If you're looking for a dog to guard your front door or keep intruders out of your yard, the loudness of the dog's bark is certainly a consideration. Not many burglars have turned away from their nefarious deeds due to a tiny bark from the other side of the door. Big barks usually indicate big dogs, and most people would rather move on than assume the big dog on the other site of the gate is a teddy bear in Rottweiler's clothing. Understanding the loudest dog barks requires familiarity with how humans hear sound, and with dog barks in general.
Bred to Bark
The general rule for barks goes like this: bigger dogs have bigger barks. While this is certainly true in most cases (Great Danes have massive barks, for example), some breeds are bred with barks in mind. Guarding breeds like German shepherds, Rottweilers, doberman pinschers and bullmastiffs have massive barks thanks to years of selective breeding for the task of keeping the people and property around them safe from intruders. Any dog bark can be loud, but big dogs bred for protection are usually going to land near the top of the decibel scale.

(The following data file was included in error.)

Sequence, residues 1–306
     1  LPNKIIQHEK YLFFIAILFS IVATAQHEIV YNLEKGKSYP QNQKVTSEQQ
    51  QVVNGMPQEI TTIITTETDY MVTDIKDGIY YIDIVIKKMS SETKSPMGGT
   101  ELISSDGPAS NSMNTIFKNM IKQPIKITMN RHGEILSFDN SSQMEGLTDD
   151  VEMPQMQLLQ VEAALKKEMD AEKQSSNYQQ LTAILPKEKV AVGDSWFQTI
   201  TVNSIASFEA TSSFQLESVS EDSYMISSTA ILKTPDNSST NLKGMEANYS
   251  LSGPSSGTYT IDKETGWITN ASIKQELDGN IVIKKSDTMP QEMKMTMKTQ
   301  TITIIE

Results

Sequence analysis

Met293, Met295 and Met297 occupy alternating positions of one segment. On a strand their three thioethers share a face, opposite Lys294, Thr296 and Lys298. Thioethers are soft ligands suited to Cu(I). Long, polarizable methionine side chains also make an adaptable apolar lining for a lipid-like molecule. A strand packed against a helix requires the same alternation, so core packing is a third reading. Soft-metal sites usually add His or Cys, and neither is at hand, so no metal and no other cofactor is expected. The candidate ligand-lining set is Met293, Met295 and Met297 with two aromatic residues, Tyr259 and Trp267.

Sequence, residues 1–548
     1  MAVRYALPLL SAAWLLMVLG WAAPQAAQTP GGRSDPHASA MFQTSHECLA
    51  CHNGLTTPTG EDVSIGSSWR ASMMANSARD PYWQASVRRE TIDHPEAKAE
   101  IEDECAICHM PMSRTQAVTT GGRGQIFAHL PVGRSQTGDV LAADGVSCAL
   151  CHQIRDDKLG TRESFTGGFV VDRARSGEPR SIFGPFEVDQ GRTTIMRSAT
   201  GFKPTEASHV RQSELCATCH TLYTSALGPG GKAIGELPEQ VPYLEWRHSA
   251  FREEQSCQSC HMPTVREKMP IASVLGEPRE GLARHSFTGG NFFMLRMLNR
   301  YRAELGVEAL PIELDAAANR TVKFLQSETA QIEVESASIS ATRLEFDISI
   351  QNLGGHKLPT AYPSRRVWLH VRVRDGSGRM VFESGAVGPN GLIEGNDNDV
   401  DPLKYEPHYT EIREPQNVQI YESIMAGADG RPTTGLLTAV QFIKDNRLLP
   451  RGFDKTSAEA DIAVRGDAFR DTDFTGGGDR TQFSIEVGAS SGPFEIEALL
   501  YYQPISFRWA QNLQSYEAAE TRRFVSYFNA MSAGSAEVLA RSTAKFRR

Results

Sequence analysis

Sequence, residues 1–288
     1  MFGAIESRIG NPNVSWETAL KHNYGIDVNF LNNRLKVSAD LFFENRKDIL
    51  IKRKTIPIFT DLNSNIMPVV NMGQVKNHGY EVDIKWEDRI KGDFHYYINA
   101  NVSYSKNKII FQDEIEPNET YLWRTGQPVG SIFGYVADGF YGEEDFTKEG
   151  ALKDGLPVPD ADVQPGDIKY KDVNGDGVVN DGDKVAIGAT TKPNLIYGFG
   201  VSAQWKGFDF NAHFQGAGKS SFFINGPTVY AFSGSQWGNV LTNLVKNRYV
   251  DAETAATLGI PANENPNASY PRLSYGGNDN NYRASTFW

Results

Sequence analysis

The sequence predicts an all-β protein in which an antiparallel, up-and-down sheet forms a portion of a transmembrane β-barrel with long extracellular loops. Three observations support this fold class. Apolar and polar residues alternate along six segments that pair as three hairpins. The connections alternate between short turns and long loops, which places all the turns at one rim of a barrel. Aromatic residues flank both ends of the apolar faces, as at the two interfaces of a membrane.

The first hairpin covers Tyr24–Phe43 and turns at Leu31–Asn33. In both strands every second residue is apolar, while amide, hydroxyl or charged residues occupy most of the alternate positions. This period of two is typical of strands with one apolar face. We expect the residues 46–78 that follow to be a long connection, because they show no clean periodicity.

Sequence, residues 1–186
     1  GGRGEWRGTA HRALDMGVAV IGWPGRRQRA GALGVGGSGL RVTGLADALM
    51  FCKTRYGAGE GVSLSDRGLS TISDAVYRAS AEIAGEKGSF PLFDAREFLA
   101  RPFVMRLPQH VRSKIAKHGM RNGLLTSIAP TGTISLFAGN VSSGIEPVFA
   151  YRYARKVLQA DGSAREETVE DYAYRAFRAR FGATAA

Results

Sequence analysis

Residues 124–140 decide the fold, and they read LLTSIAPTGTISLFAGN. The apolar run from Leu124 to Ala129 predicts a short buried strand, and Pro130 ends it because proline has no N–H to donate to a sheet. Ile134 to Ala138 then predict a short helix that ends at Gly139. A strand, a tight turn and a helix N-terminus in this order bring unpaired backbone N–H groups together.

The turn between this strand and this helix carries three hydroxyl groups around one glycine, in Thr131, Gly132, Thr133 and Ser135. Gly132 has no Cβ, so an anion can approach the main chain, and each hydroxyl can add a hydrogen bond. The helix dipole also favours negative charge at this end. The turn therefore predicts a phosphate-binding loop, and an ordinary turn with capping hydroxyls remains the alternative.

Why Dogs Bark
If you have a dog, you've probably noticed that he has more than one type of bark. There's the "Someone's at the door" bark, the "Kick me the ball" bark and the "Why did you lock me in the closet" bark. Dogs bark for a variety of reasons, including boredom, fear, confusion, a desire for attention and just the fun of it. You'll get your loudest barks when the dog is attempting intimidation, which usually occurs if he is being protective or is frightened.
Measuring the Decibels
While some dogs sound as if they have loud barks, the way humans interpret a sound isn't always related to its actual volume. High-pitched barks often seem louder due to their piercing nature, while low barks are less intrusive on human ears but could be louder in terms of raw decibels. Choosing the loudest dog breeds requires the barks to be measured in terms of decibel count. It's worth noting that any sound over 85 decibels is considered potentially harmful to human ears, and many dogs are capable of topping this threshold with their powerful barks.
The World Record
The current world record for loudest dog bark belongs to Daz, a German shepherd with a mighty 108-decibel roar. Daz's record was set in 2009 at a special press event for the Disney film Bolt, and was authenticated by the Guinness Book of World Records. Daz's owner was sure to thank the postwoman for giving Daz something to bark at every day—much-needed practice on his path to the record. That decibel count, for reference, is just a little louder than a motorcycle or power mower.